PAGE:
The far right is always in the business of pedalling myths about immigration, and the French Front National (FN) are old hands at the game. In this presidential election campaign, FN candidate Marine Le Pen (daugher of veteran fascist Jean-Marie) has been pushing – without much contradiction it has to be said – the line that France is particularly susceptible to mass immigration. Indeed, on TV on 19 March, she went as far as to claim that ‘France is the country which accepts the most immigration in the whole of Europe’.
Nicholas Sarkozy, playing the part of Le Pen’s little echo (as so often in this campaign), joined in, talking about an ‘uncontrollable wave of immigration’ and promising to end France’s participation in the EU ‘open-borders’ Schengen agreement. The president’s aide, Patrick Buisson, chose to echo Margaret Thatcher in the 1970s, muttering darkly about a ‘flood of migration’ swamping France.
This canard barely even qualifies as a myth, it’s so wide of the mark. Figures produced by the OECD and published in Liberation on 28 March, show that, compared to most other European countries, France gives immigrants the cold shoulder. In 2009 (the latest year for which figures are available) there were 178,700 immigrants entering France, way behind Germany (197,500), Spain (334,000), Italy (369,000) and the UK, which welcomed more than twice as many migrants as France, with 397,000.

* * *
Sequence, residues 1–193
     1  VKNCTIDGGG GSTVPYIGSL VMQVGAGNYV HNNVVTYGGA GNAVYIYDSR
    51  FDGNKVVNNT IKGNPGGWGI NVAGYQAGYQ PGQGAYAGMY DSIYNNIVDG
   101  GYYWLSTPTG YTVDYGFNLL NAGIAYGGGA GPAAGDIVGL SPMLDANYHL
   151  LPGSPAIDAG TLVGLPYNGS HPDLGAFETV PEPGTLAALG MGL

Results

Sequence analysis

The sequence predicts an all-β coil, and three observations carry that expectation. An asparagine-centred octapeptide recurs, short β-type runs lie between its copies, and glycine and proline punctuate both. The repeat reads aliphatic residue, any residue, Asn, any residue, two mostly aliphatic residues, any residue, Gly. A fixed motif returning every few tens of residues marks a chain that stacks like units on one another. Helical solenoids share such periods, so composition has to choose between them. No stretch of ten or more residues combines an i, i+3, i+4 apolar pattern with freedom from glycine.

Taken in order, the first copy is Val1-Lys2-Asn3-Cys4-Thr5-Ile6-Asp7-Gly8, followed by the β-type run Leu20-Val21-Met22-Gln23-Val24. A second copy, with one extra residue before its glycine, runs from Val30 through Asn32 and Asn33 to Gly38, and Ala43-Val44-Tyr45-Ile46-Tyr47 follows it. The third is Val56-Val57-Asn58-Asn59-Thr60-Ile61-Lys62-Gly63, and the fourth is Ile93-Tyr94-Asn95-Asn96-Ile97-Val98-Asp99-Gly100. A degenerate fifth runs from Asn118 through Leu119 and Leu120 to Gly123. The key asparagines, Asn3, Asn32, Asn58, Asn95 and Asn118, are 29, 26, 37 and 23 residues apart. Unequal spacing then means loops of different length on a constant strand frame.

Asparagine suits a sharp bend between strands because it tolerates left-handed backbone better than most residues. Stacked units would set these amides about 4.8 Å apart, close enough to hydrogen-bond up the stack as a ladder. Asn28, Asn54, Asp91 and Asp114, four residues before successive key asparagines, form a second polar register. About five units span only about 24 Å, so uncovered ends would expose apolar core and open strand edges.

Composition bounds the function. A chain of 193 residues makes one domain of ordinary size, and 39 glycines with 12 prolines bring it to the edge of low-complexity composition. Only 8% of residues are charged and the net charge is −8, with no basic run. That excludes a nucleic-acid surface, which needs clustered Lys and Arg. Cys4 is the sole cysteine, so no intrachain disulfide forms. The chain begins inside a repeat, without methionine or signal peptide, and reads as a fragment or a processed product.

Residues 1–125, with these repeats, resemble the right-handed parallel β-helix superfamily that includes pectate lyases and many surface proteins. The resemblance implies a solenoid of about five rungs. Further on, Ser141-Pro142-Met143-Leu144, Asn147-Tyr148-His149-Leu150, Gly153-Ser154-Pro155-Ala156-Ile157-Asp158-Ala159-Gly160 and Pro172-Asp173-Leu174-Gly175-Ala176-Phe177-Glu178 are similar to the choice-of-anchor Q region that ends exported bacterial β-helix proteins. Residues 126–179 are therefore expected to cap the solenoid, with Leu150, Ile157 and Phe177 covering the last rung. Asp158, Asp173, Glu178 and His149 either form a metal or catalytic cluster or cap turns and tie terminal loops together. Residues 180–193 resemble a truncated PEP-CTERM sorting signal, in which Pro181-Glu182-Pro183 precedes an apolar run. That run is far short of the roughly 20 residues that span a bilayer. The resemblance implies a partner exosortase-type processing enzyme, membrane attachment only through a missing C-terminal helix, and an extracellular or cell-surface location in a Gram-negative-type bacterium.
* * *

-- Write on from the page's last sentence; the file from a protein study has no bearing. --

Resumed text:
More relevant figures are those showing immigration as a proportion of population, which, at 0.3%, put France at just half the OECD average in 2009. Small countries like Portugal and Holland, despite few significant colonial links, admitted 0.55%, while for Britain and Italy the figure reached 0.6%. But it’s Denmark, Spain and Sweden which are most open to immigration, with admissions amounting to between 0.7 and 0.8% in 2009.
Hardly a flood, more of a trickle. And it’s not as if France is choc full of foreigners in the first place, despite Le Pen’s silly claims about people being forced to eat Halal meat and Sarkozy’s assertion that there are ‘too many foreigners in France’. Only 8.5% of France’s population are classified by the OECD as immigrants, making France one of western Europe’s least multicultural societies. By contrast, the OECD found that immigrants accounted for more than 11% of the population in Holland and the UK, 13% in Germany, and more than 14% in Spain and Sweden.
Une poignée de bollocks, then, but Le Pen and the FN have never been ones to let the truth get in the way of a good scare story.